Facebook has filed a major Lanham Act lawsuit against alleged cybersquatters (typosquatters) and websites/companies it believes are infringing on the company’s trademarks or branding. The entire filing can be followed directly on the Justia website. You can read a pdf copy of the lawsuit here.
Defendants named in this lawsuit include the following:
Cyber2Media, Inc., Daniel Negari, Cleanser Products, Counter Balance Enterprises Ltd., FB Promotions/Freebie Promos, Mackrooner Ltd. Inc., Newgate Services Ltd., Pioneer Enterprises Ltd., Rabbit Gogo Media LLC, SMTM Enterprises Ltd., YourTick, Zilt, Jacob Daniels, Jerry Hui, Ryan Johnson, Eric Jordan, Karrie-Lee Karreman, June Kimchi, Tim Meyers, Ankit Pandey, S. Pace, Elise Petri, Mark Risi, John Souza and Michael Suggs.
Prior to the lawsuit, Facebook used the UDRP system to recover domain names from companies that used its trademark in domain names. The company was previously awarded domain names like Facebok.com, Facebook.me, Facebook.ie, as well as a number of FB domain names owned by Domain Asset Holdings.
Some of the domain names that are referenced in the lawsuit are:
Bill Hartzer also has information about the lawsuit.
Thanks to Dan Cera for uncovering this and sharing information about it.
I read yesterday morning’s Internet Traffic update sent to clients by Frank Schilling, and there are a few points that I think will be of interest. Most notably, Schilling has given clients full access to the robust DomainNameSales.com platform his company uses to negotiate and close domain sales.
The platform offers a variety data for domain owners to use in order to negotiate a fair deal. Of course, the site will give the owner access to all of the domain name’s data like traffic and revenue, which is standard with other platforms that also provide parking. What sets this platform apart from others is that it catalogs information about the people and companies inquiring about the domain names.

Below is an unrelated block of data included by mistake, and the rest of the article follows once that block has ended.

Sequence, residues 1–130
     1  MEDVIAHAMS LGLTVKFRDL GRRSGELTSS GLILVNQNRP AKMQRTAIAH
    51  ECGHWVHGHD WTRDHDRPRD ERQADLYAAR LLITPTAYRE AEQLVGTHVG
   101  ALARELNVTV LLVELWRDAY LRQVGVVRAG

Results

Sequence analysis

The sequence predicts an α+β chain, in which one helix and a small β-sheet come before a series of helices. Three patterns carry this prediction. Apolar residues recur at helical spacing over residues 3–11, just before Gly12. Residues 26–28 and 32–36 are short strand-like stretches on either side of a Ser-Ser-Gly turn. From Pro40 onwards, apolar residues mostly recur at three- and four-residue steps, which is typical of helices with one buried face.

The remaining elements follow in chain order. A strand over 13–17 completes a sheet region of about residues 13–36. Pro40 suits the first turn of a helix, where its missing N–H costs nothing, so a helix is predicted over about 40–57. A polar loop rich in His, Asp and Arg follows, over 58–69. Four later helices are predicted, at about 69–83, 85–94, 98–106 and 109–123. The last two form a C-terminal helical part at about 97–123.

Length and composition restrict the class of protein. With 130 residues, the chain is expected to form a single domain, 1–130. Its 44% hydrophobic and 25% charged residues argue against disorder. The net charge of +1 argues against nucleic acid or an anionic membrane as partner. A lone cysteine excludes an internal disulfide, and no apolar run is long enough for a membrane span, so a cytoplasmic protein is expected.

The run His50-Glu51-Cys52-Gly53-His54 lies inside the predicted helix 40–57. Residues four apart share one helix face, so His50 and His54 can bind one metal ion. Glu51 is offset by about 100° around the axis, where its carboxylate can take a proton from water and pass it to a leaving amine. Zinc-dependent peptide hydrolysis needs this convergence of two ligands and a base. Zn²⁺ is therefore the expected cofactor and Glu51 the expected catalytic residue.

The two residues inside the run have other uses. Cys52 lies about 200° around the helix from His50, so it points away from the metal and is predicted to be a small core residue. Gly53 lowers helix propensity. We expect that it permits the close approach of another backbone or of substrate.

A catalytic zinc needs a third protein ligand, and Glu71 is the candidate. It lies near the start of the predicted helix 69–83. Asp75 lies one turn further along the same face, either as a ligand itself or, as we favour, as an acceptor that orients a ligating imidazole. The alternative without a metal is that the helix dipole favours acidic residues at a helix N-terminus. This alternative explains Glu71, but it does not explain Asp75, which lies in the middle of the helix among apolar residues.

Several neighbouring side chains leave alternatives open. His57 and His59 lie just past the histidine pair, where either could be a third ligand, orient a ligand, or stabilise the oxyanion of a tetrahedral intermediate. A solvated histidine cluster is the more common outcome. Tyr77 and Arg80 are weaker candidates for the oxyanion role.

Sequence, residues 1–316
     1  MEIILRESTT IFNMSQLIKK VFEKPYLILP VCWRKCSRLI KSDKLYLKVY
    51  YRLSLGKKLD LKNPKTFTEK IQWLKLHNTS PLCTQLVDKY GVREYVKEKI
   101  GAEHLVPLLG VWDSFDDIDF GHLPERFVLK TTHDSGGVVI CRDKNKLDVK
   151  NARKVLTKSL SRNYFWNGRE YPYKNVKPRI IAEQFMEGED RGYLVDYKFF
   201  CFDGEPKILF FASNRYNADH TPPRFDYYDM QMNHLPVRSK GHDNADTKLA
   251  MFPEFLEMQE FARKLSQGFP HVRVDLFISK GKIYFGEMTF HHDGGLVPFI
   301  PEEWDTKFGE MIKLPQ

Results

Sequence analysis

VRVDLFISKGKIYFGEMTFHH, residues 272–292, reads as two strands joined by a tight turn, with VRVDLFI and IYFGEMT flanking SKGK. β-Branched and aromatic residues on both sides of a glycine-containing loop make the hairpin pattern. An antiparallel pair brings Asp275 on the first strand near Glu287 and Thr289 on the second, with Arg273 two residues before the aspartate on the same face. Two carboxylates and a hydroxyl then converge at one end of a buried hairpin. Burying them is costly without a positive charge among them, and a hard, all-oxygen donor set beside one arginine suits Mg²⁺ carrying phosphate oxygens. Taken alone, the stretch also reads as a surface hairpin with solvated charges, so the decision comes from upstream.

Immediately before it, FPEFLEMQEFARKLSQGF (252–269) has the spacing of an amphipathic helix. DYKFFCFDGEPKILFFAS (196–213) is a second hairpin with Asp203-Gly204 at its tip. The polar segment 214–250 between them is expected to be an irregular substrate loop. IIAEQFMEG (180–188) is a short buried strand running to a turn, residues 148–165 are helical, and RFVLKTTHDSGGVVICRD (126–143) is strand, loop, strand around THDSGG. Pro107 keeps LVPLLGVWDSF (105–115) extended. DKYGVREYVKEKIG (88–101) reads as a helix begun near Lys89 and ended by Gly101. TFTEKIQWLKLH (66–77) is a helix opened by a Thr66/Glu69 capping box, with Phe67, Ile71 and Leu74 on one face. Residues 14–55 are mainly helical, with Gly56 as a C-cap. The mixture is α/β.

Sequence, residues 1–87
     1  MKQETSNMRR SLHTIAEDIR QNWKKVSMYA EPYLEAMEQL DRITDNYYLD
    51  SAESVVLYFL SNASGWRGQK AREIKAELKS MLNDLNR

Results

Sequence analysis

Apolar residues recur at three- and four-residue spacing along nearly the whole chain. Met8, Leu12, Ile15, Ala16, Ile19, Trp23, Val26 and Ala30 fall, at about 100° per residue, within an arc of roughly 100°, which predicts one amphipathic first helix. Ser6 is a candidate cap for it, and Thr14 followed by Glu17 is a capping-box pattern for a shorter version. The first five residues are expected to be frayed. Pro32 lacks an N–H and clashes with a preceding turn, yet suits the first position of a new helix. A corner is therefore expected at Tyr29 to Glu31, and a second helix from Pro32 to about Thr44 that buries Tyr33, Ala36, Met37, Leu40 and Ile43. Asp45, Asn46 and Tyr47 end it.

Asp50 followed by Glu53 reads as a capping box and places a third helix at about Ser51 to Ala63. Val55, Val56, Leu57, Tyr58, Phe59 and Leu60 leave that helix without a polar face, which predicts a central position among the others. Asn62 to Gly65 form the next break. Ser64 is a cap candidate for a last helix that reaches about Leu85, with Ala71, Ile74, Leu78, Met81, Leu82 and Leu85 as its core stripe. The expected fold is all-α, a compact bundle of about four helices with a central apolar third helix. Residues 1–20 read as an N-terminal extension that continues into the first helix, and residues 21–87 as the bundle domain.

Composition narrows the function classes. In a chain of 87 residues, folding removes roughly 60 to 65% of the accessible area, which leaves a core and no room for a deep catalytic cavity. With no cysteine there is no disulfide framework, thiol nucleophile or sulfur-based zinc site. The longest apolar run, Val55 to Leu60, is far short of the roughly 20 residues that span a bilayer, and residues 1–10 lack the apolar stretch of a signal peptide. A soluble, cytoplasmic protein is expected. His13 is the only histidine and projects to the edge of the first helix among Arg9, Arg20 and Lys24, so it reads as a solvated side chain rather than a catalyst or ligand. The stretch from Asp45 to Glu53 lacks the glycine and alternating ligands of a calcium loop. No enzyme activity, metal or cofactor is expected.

“This powerful suite of information about your inquirer is your data and you will be able to manage the information and communications that you share with them. This system will ultimately help you sell more names for more money and help you make informed decisions about the trend of your names and their value. It is the secret of how I sell more names, for more money.”
One thing that would be neat is if the platform could attempt to track who is actually inquiring about the domain name. It would be great if it could search Google, LinkedIn, and other sources for references to the person inquiring as it relates to the domain query. For instance, if someone named Frank Schilling was inquiring to purchase DomainNames.com, it would search for Frank’s name and domain-related articles. It would also be helpful if it tracked and searched IP addresses and email addresses. These are things I do manually but could likely be done via algorithm. This, of course, wouldn’t be fail proof, but it could save some time.
While some people speculated that Schilling’s DomainNameSales.com platform could be damaging to other leading aftermarket platforms if it were to become used by people parking with Internet Traffic, I think the update sheds some light on the platform and shows that this speculation isn’t quite accurate.
“If you’re like me, you don’t have a huge team of in-house brokers. This system will let you select from a list of competitively priced third party brokers, or to broker the names yourself if you have the time.”
I’ve seen Name Administration’s in DNJournal’s sales report, and more often than not, those are reported by aftermarket websites like Sedo or Afternic.
I think there is the potential for Internet Traffic to hire domain brokers to close deals on behalf of its partners, but that hasn’t happened. If it did, it would likely put downward pressure on commissions in the marketplace, but I have no idea if that’s in the cards or even desired. One might assume that if it was being considered, it would have happened quite some time ago considering Name Administration owns hundreds of thousands of names already.
It’s been fun observing the growth of Internet Traffic and thinking about how the company could quietly become a leading player in the domain space. It really illustrates the importance of trust in the domain space, and it shows how much goodwill Schilling has earned amongst his colleagues.